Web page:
These studies are far from conclusive, only hinting at data which supports the anti copyright movement’s contentions. As with many studies, there is many ways that the data can be interpreted as well as  many other studies that both agree with and contradict these findings.  What they do suggest however, is that Copyright’s law’s effect on creativity and society needs a closer look.  We may find certain changes may help improve it’s usefulness.  Sadly, in today’s lobbyists driven policy climate, overwhelming evidence in support of changes to copyright law would probably fall on deaf ears unless those changes were beneficial to a corporate bottom line.

Do you agree with these studies or have any comments, post them below.  We would like to hear from you.  And please post this article to your social media. 

About the author

Steve Schlackman

As a photographer and Patent Attorney with a background in marketing, Steve has a unique perspective on art and law. Should you have any questions on Intellectual Property contact him at steve@orangenius.com. His photography can be seen online at Fotofilosophy.com or on display at the Emmanuel Fremin Gallery in New York City.


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  • So, if there were to be a relaxation of copyright laws, where does one draw the line?
    For example, should people be able to incorporate an entire movement from someone else’s musical composition into their own composition without paying royalties to the other composer? Could an artist copy an entire Warhol painting and then add a few of his own brushstrokes and call it his own?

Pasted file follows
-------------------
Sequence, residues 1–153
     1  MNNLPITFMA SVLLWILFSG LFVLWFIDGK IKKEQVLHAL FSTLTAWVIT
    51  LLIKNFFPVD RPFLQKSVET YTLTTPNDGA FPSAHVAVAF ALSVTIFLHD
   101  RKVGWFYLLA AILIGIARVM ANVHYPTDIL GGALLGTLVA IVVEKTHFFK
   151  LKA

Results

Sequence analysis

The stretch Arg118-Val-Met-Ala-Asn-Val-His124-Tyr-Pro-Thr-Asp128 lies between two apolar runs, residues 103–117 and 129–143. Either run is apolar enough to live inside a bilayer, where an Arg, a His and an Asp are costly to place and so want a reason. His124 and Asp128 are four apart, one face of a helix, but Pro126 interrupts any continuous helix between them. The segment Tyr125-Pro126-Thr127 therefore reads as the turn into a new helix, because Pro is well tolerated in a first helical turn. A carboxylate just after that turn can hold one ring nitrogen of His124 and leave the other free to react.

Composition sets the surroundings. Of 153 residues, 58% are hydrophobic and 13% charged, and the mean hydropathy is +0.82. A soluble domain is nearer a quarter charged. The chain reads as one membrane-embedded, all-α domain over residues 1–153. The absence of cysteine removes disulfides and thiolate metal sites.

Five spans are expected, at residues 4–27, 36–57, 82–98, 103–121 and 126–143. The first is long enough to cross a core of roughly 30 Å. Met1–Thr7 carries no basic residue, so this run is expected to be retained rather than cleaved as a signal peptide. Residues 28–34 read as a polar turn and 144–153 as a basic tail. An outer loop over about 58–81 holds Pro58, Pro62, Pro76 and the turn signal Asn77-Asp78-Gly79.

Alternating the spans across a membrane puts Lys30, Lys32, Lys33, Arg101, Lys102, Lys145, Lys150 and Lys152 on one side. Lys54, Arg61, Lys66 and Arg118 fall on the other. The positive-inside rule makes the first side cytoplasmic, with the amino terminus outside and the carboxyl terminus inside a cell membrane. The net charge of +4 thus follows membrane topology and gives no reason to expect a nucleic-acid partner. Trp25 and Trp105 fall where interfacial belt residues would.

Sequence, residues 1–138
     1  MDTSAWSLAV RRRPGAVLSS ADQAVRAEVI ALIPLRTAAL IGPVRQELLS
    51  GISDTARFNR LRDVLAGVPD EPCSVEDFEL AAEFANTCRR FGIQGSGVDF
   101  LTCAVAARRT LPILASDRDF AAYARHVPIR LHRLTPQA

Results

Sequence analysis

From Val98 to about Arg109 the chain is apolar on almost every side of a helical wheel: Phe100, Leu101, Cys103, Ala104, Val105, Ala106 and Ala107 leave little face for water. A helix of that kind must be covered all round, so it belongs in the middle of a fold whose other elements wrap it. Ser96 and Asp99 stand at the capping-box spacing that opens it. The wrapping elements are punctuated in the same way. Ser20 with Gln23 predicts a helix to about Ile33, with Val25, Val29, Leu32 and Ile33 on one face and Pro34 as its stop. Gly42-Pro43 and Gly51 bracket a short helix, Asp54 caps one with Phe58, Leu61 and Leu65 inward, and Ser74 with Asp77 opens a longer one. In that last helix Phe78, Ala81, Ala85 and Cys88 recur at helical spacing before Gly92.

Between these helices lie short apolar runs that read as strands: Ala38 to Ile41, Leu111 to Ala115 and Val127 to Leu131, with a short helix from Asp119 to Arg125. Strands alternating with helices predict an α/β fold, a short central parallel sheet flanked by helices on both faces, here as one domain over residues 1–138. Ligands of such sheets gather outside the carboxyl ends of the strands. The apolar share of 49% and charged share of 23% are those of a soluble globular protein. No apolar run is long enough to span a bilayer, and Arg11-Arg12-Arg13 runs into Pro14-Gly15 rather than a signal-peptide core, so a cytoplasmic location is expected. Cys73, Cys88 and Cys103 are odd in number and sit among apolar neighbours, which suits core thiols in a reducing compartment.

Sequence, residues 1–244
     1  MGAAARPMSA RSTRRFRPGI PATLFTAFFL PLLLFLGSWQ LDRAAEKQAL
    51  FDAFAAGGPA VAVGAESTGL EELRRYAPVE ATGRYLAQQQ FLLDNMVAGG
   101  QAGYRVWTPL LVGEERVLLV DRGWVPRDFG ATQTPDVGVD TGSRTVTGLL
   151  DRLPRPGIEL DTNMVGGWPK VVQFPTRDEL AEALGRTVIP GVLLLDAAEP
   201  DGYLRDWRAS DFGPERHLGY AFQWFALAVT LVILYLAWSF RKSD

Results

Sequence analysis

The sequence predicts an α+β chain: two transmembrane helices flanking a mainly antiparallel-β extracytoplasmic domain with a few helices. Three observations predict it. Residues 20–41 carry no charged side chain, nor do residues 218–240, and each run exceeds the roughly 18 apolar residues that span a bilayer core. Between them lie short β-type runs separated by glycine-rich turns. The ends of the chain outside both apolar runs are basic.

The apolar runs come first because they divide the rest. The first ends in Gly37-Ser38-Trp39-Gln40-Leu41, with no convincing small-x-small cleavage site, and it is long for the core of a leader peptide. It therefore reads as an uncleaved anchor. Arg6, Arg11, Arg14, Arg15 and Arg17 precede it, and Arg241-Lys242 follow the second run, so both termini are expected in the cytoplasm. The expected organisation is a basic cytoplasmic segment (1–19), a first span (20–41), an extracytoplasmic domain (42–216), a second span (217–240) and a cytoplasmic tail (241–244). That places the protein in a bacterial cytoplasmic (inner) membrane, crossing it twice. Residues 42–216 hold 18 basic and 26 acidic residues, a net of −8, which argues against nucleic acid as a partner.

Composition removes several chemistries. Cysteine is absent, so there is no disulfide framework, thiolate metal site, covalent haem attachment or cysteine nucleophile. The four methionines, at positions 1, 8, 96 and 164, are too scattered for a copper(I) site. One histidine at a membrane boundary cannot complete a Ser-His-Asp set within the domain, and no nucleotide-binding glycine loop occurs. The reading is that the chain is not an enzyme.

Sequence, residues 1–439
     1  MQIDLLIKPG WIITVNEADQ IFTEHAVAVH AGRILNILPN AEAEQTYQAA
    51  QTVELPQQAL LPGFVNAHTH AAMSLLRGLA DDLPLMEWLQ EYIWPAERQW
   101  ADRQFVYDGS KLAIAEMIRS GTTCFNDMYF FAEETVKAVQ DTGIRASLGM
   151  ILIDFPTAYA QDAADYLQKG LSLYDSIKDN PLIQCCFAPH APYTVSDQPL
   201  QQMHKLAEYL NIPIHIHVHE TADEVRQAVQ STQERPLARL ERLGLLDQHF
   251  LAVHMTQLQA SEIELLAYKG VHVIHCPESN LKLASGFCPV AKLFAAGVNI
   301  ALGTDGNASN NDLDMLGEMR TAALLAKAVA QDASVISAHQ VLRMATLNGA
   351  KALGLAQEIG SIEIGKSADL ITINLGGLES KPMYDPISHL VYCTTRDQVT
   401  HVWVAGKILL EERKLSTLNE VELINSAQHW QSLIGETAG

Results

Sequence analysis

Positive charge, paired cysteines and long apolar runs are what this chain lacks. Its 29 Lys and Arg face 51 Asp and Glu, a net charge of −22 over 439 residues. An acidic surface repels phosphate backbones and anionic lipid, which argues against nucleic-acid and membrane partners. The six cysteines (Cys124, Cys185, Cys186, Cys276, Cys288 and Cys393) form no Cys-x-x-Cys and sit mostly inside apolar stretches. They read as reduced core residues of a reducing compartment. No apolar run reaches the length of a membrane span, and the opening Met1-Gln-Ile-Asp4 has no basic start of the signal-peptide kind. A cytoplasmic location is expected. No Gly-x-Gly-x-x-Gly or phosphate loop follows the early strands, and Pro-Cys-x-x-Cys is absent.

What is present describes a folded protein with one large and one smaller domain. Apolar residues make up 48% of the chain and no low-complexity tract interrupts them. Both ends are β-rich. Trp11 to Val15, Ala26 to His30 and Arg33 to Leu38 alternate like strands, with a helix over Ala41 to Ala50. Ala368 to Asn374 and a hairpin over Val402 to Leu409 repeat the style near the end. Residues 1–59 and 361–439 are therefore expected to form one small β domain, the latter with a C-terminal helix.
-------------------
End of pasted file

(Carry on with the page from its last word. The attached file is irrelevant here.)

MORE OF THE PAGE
• That is more of a fair use argument. While it would be nice to have a bright line on what was considered fair use in “for profit” works, that analysis is very subjective and I am not sure that it is possible without completely changing how fair use is derived.

      On the other hand, many people believe that the term for copyright is too long. Even now, only works prior to 1922 are definitely in the public domain, although many others into the 1980’s may be in the public domain. But if your take the current rule for individual copyright protection, life of the author plus 75 years, and look backward, and assuming a minimum life of 25 years if the author died young, then nothing after 1913 would be in the public domain. Assume the average age of 75 years and we have to go back to the Civil War era to find works in the public domain. That seems like a long time. Only a handful of works would benefit from that length of protection.